Tyreek Hill, Chiefs WR: This one is pretty cut and dry. While a student-athlete at Oklahoma State, Hill punched and tried to choke his then-girlfriend who was eight weeks pregnant with their child. He pleaded guilty and agreed to three years probation as part of a deal that would erase the incident from his record.
Hill was dismissed from Oklahoma State, which would have ended his football career if he lacked talent. But alas, University of West Alabama allowed Hill to enroll and play football for the 2015 season. Though many thought Hill would go undrafted in the 2016 draft due to the assault, the Chiefs drafted him in the 5th round.
Dede Westbrook. Jags WR: Last year, Tulsa World reported that Sooners wideout had twice been arrested for domestic violence charges, both involving the mother of his children. The first was in 2012 while Westbrook was in college in Texas. A police report claimed that Westbrook threw the woman to the ground. In a subsequent incident a year later, Westbrook was accused of biting the woman. Both cases were dropped due to a lack of cooperation from the alleged victim. At this year’s Scouting Combine, then NFL prospect Westbrook showed an utter lack of self awareness in an interview with USA Today: “I got in some trouble and I did some things as well, but I was never convicted of anything. Like, I’ve been to jail, but all the charges (were) dropped. I have no pending charges or anything. So, I think I’m just like you.”
Westbrook was drafted by Jacksonville in the fourth round. Upon drafting Westbrook, Jags GM David Caldwell staunchly and stupidly defended his new wideout when he said, “many of us have been accused of things.”
Dez Bryant, Cowboys WR: Bryant was arrested in 2012 after assaulting his mother, ripping her shirt and bra in the altercation. Bryant turned himself in and was charged with a Class A misdemeanor for assault on a female family member. His only real punishment was attending anger management classes. TMZ later obtained a copy of Bryant’s mom’s disturbing call to 911 in which she insinuating that Dez had laid hands on her before.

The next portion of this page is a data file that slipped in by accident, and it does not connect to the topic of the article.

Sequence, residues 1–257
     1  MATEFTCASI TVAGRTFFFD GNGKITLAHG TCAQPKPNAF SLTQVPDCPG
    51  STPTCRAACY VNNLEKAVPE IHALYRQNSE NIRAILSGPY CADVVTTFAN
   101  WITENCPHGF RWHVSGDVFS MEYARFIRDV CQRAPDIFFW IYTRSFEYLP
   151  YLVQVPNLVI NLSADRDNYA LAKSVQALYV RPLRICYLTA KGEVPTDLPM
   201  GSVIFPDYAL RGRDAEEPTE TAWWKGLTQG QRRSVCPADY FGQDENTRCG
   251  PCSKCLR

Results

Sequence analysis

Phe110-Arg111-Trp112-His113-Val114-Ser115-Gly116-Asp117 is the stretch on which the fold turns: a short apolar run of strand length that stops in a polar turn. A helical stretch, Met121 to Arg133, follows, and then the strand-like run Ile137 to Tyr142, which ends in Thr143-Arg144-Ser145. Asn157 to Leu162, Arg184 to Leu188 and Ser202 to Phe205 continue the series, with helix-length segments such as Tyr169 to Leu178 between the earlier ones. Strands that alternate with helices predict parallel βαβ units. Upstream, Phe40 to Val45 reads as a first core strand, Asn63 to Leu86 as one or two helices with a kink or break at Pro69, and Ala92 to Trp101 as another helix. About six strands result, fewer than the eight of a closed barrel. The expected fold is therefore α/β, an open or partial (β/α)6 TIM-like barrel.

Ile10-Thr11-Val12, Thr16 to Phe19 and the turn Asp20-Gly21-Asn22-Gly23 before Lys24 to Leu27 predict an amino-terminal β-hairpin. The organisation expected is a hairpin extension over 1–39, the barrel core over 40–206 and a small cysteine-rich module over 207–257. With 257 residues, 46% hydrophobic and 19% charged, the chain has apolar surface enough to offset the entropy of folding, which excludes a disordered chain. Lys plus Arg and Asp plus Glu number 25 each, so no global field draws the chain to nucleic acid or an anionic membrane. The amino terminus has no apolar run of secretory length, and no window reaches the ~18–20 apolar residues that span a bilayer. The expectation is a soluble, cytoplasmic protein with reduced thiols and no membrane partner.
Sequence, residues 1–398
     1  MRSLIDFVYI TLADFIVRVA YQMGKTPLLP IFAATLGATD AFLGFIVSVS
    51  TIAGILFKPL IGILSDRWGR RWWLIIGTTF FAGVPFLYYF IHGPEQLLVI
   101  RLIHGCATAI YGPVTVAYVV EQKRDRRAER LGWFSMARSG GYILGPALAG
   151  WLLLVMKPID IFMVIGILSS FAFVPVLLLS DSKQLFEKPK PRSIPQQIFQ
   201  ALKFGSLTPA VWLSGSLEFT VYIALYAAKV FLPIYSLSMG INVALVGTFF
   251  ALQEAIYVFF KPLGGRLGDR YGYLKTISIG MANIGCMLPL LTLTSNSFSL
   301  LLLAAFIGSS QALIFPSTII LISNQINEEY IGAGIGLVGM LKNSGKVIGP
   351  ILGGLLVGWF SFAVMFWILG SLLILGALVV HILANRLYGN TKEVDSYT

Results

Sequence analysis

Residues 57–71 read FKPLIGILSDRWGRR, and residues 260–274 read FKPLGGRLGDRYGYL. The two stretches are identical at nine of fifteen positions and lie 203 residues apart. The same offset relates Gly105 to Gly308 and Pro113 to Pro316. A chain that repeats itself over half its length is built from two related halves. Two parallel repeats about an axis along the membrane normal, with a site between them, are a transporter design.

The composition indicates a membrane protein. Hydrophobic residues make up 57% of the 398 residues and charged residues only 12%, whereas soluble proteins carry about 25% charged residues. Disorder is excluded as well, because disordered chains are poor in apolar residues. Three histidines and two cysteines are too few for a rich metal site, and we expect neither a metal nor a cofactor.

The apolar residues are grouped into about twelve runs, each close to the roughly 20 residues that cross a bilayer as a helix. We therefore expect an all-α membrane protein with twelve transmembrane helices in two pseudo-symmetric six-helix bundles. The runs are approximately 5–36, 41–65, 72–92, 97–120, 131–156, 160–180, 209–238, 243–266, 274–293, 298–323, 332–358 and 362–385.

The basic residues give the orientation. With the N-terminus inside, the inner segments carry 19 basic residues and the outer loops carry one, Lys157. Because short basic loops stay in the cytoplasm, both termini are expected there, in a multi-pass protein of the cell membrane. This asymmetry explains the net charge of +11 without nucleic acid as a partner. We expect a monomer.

Kenny Britt, Browns WR: Unlike most of the players on this list, Britt has never been charged with domestic violence. But his overall arrest record can almost fill two hands. Britt has been charged with various crimes seven times and seems to have a very unusual relationship with his driver’s license.
Washington defense: LB Junior Galette was arrested on domestic violence charges in January 2015. The charges were dropped but after an investigation, the league suspended Galette for two games. The accuser, who claims she endured three years of abuse from Galette, filed two subsequent civil suits.
Green Bay defense: Newly acquired LB Ahmad Brooks is in the midst of legal trouble. Charged with misdemeanor sexual battery in 2015 from an incident at ex-49er Ray McDonald’s house, Brooks has a pretrial motion scheduled for September 29th.
Cincinnati defense: When it comes to Adam ‘Pacman’ Jones’s trouble with the law, well, how much time do you have? Jones has been arrested at least nine times since being drafted in 2005. His latest arrest came in January on misdemeanor charges of assault, disorderly conduct and obstructing official business. He reportedly spat on a nurse and was so combative during booking that he had to be fixated to a restraint chair. Jones was suspended one game in violation of the league’s personal conduct policy. The larger question surrounding Jones is why has he not been banned from football.
Cowboys defense: LB Damien Wilson was arrested this July on two counts of aggravated assault after allegedly backing into a woman in a parking lot and brandishing a gun. The case is still under investigation and Wilson is subject to a suspension.
Rams defense: DE Ethan Westbrooks was arrested on suspicion of domestic violence in March after Sacramento police found injuries on the upper body of the mother of one of Westbrooks’s children.
If you or someone you know is an abusive relationship, The National Domestic Violence Hotline can help.